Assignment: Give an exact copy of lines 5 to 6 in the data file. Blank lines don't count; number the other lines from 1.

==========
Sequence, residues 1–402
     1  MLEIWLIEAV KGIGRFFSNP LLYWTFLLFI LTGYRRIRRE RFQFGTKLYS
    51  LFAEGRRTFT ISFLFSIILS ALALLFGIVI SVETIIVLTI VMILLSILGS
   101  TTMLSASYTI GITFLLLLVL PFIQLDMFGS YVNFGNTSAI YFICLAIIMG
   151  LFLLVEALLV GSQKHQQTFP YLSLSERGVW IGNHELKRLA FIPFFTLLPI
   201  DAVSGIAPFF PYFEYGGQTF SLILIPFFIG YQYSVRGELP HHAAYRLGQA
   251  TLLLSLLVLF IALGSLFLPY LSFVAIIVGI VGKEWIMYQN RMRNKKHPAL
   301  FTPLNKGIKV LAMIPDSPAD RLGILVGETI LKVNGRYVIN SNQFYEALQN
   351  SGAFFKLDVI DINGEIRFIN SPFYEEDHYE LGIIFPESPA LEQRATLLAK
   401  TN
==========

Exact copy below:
   151  LFLLVEALLV GSQKHQQTFP YLSLSERGVW IGNHELKRLA FIPFFTLLPI
   201  DAVSGIAPFF PYFEYGGQTF SLILIPFFIG YQYSVRGELP HHAAYRLGQA